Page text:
Fact Check

Were Chariot Wheels Found at the Bottom of the Red Sea?

Claims that archaeologists discovered Pharaoh's chariot and the bones of horses and men under the Red Sea stemmed from fake news.

Published Feb 20, 2008

 (Renata Sedmakova / Shutterstock, Inc.)
Image Via Renata Sedmakova / Shutterstock, Inc.
Archaeologists have discovered Pharaoh's chariot and the bones of horses and men under the Red Sea.

On 24 October 2014, the web site World News Daily Report (WNDR) published an article reporting that chariot wheels and the bones of horses and men had been discovered at the bottom of the Red Sea, thereby supposedly proving archaeological proof of the Biblical narrative about the escape of the Israelites from the Egyptians. According to the Book of Exodus, God parted the Red Sea long enough for the Moses-led Israelites to walk across it on dry ground, but closed the waters up again upon the pursuing Egyptian army and drowned them all:

Egypt's Antiquities Ministry announced this morning that a team of underwater archaeologists had discovered that remains of a large Egyptian army from the 14th century BC, at the bottom of the Gulf of Suez, 1.5 kilometers offshore from the modern city of Ras Gharib. The team was searching for the remains of ancient ships and artefacts related to Stone Age and Bronze Age trade in the Red Sea area, when they stumbled upon a gigantic mass of human bones darkened by age.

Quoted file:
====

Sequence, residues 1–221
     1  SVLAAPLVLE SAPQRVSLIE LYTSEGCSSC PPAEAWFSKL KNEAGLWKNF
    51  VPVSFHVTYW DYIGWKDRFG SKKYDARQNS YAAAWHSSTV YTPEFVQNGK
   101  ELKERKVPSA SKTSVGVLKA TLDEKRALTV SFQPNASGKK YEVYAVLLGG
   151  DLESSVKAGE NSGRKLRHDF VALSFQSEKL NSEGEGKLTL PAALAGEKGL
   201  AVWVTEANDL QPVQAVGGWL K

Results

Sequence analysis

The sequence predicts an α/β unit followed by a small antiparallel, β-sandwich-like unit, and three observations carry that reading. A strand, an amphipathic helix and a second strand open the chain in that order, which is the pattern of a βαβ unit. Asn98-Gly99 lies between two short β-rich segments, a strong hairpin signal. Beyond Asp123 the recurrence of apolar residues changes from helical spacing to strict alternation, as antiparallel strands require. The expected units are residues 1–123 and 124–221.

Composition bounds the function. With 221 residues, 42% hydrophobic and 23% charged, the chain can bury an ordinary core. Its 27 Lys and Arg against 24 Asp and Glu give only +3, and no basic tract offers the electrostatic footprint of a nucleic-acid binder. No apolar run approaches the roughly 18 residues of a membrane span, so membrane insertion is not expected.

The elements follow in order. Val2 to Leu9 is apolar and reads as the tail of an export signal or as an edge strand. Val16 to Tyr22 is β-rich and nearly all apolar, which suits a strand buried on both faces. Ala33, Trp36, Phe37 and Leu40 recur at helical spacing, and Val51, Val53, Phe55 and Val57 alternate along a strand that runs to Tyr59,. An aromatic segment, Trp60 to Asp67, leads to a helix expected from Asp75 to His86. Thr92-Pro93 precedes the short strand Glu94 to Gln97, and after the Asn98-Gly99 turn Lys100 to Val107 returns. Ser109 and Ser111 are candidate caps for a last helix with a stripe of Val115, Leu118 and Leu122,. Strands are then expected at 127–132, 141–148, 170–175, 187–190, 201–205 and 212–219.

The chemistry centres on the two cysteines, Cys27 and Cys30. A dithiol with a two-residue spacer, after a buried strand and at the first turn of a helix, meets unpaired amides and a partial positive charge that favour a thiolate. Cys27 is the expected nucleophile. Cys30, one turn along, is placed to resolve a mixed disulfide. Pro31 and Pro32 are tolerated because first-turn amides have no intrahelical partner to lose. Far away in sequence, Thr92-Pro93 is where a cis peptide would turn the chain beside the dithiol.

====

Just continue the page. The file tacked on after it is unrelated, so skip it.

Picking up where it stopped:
The scientists lead by Professor Abdel Muhammad Gader and associated with Cairo University’s Faculty of Archaeology, have already recovered a total of more than 400 different skeletons, as well as hundreds of weapons and pieces of armor, also the remains of two war chariots, scattered over an area of approximately 200 square meters. They estimate that more than 5000 other bodies could be dispersed over a wider area, suggesting that an army of large size who have perished on the site.

However, if one is looking for news of an important scientific or historical discovery, World News Daily Report is not the place to look. WNDR is fake news site whose disclaimer notes that the site's articles are satirical in nature:

World News Daily Report is a news and political satire web publication, which may or may not use real names, often in semi-real or mostly fictitious ways. All news articles contained within worldnewsdailyreport.com are fiction, and presumably fake news. Any resemblance to the truth is purely coincidental, except for all references to politicians and/or celebrities, in which case they are based on real people, but still based almost entirely in fiction.

Despite WNDR's framing of the alleged "discovery" as recent and newly announced, reports of divers finding chariot wheels and the like under the Red Sea are a hoax that has been promulgated for many years now.

The WNDR article's use of language such as "this morning" and its claims that a team of "underwater archeologists" in Egypt responsible for the discovery were planning to recover more artifacts from the site reinvigorated interest in the long-discredited rumor, but those details were not only fabricated, they had simply been recycled from past claims and infused with more recent dates. In October 2015, the equally dubious web site Disclose.TV once again jump-started the phony rumors by republishing the year-old fake WNDR article.

David Mikkelson founded the site now known as snopes.com back in 1994.